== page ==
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Tuesday, April 24, 2007


Teamwork makes Evessa worthy champs

Staff writer

This just in: The Osaka Evessa have officially mastered the art of celebrating a championship.

News photo
Osaka Evessa's David Palmer (left) and president Mitsunori Uehara celebrate after winning the team's second straight bj-league championship at Tokyo's Ariake Colosseum on Sunday. YOSHIAKI MIURA PHOTO

Only two things are needed: raw emotion and, well, a win.

The Evessa, a model of team play trumping individual goals, possess both.

On Sunday, 8,091 spectators at Ariake Colosseum saw Osaka defend its bj-league title by beating the Takamatsu Five Arrows 94-78.

The bj-league chose an appropriate song -- Queen's epic rock anthem "We Are The Champions" -- to coronate the Evessa's second straight title.

As the song blared over the arena's loud speakers, the players embraced each other, the coaches and members of the team's staff, triggering similar responses from the Evessa cheerleaders and supporters in the stands.

And then the Evessa players formed a circle and gave head coach Kensaku Tennichi a well-deserved, three-toss "doage."

Like the 52 rebounds they caught with brute strength and focus in the championship game, led by big man Jeff Newton's 16, they caught Tennichi-san in the same manner.

He didn't fall; they didn't lose their title.

And so, here is summation of the first two chapters in the bj-league's history book: Two years, two Evessa championships.

Not a bad start for the boys from Kansai, eh?

"I think we've done a fairly good job of it (winning) the last two years," said ecstatic Evessa point guard Matt Lottich, who had 11 points and a season-high nine assists. "Business has been winning and business is good."

Lottich was the team's second-leading assist man in the regular season. Power forward Lynn Washington, the 2005-06 league MVP, was No. 1 in that department (he had 112 assists to Lottich's 108), but both are skilled at finding the open man.

Lottich spent time at shooting guard this season, which gave Tennichi a chance to experiment with different lineups (and build a smaller, quicker team which found ways to outclass the league's bigger teams). Equally important, it also gave 24-year-old Haruhito Shishito, a rising talent, more opportunities to run the show from the point.

Smart move.

The best coaches always have their pulse on two things: trying to win now and simultaneously finding ways to improve the team in the future.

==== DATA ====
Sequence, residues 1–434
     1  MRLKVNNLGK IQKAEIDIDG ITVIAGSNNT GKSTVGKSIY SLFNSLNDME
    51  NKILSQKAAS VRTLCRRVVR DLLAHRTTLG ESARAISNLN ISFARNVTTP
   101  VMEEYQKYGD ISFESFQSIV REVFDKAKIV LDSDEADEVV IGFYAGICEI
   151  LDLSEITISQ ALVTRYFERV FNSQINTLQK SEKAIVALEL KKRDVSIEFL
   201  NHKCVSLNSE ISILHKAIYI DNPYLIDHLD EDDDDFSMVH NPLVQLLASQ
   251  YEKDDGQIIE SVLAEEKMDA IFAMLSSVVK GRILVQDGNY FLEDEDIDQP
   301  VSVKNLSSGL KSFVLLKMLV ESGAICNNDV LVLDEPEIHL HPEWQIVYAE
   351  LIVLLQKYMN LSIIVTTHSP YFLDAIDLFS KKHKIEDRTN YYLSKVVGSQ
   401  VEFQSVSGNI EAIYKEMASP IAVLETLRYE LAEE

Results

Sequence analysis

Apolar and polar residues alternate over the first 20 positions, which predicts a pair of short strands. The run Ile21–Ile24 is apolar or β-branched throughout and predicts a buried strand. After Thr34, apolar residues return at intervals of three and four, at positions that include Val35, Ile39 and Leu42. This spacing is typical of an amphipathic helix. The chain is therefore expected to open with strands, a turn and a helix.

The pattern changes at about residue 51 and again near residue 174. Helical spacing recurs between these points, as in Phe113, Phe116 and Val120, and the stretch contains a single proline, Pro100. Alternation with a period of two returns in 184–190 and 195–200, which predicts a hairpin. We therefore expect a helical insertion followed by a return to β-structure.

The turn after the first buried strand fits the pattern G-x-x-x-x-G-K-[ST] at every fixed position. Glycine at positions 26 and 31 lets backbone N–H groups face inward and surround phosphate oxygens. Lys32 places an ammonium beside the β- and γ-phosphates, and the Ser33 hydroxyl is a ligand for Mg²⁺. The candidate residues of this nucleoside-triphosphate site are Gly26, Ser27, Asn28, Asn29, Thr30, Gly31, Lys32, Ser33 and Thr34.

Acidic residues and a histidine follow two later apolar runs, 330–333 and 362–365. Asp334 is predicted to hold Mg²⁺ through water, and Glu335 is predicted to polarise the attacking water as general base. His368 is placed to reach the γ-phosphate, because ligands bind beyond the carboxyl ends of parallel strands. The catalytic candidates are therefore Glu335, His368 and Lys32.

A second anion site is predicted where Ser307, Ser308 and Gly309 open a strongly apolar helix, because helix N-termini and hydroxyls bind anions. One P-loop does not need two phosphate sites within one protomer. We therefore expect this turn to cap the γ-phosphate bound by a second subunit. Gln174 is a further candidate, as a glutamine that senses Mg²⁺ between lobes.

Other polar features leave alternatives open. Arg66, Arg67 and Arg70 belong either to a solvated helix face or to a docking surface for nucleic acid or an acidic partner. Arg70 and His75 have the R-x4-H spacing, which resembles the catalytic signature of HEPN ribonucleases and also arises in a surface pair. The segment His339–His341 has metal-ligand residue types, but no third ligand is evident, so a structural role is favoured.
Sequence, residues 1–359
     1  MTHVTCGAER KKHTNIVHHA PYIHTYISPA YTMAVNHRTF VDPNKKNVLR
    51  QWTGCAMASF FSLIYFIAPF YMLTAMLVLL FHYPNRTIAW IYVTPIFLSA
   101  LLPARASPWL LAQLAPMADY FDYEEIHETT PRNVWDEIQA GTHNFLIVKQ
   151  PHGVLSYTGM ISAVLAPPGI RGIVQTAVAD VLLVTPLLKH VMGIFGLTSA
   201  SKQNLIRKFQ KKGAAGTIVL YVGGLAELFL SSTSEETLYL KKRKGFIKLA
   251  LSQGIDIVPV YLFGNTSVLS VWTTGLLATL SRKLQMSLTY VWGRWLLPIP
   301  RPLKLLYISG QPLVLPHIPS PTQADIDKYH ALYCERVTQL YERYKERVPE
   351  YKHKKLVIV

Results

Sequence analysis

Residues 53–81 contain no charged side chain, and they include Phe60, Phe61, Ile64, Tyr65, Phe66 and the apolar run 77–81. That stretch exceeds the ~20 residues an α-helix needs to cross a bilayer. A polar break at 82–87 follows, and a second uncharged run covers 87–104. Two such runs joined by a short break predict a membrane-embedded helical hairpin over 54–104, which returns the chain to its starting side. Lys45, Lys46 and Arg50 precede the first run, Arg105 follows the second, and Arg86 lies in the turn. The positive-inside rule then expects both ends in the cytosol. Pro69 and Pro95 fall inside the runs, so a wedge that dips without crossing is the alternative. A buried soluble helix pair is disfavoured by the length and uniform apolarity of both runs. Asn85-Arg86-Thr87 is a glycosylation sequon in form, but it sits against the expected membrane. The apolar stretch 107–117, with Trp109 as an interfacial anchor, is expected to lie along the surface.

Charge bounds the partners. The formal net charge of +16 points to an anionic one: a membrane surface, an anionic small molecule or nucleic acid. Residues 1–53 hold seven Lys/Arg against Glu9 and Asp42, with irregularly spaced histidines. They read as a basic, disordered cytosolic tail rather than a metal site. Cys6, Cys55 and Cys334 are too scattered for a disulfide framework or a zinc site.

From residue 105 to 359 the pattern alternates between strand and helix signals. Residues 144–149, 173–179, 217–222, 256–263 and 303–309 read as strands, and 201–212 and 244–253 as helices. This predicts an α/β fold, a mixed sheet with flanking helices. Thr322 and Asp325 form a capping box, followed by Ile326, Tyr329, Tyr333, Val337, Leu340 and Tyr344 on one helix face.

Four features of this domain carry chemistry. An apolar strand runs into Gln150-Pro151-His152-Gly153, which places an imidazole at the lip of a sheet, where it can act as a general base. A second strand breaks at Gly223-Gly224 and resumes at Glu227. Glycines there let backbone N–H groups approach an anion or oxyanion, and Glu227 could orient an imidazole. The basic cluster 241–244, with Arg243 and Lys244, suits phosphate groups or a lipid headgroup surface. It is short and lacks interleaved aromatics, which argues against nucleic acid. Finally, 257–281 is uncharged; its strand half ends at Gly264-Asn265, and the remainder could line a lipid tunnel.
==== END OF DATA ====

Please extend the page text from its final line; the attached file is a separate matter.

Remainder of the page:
And it doesn't hurt that Tennichi has made a concerted effort to learn English. (For example, he's done 30-minute phone interviews with this newspaper. In these conversations, he's demonstrated that he's passionate about every aspect of his team's operation and each player's development and performance.) Yes, the team employs an interpreter, but his ability to communicate in the native tongue of Washington, league MVP David Palmer (who scored 33 in the title game, capping a jaw-dropping stretch of 36 straight double-digit games) and Newton only enhances his ability to get the best out of each player in every practice and every game.

In building a championship team, Tennichi and Evessa assistant coach Yasushi Higa, who hails from Okinawa, have emulated the success of legendary hoops coaches John Wooden, Red Auerbach and Phil Jackson.

In doing so, they've relied on this not-so-secret recipe: Great teams do the simple things well.

The Evessa rarely take a bad shot, miss a defensive assignment or fail to box out.

"We don't want to get confused on the floor, so we practiced hard," were the words Tennichi used to convey this message.

And they win.

In the bj-league's inaugural season, the Evessa went 33-9 in the six-team league. This year, the league expanded to eight teams, adding the Five Arrows and the Toyama Grouses. Osaka, though, was still No. 1, finishing with a 31-11 record.

More than 90 media outlets were on hand on Sunday to chronicle the exploits of the Five Arrows and Evessa and the teams in the third-place game -- the Oita HeatDevils and Niigata Albirex BB.

"It's safe to assume that more than half of those companies opted to ask an Evessa player or coach this question: How do you compare this year's title to last year's?

"Yeah, it's different, but both of them are equally as good," said Newton, a classic defender in the middle. "I think the league is getting better each year and we just showed that we still have what it takes to win it again."

Then, he paused, and added for good measure: "That still means it's historic, don't it? It's the first repeat."

As reporters surrounded Lottich an hour after the game, there was already talk about the Evessa's future.

Do you expect this core group of players to return next season? he was asked.

'I'd love to," Lottich said. "I love Japan and I love our team. We are all going to have to make individual decisions. It's a lot more difficult, I think, being an overseas basketball player to remain intact -- to keep your team intact -- because there are going to be offers from other places.

"But if it all works out, it'd be great to give it a run for a three-peat."

Staff writer Kaz Nagatsuka contributed to this report.

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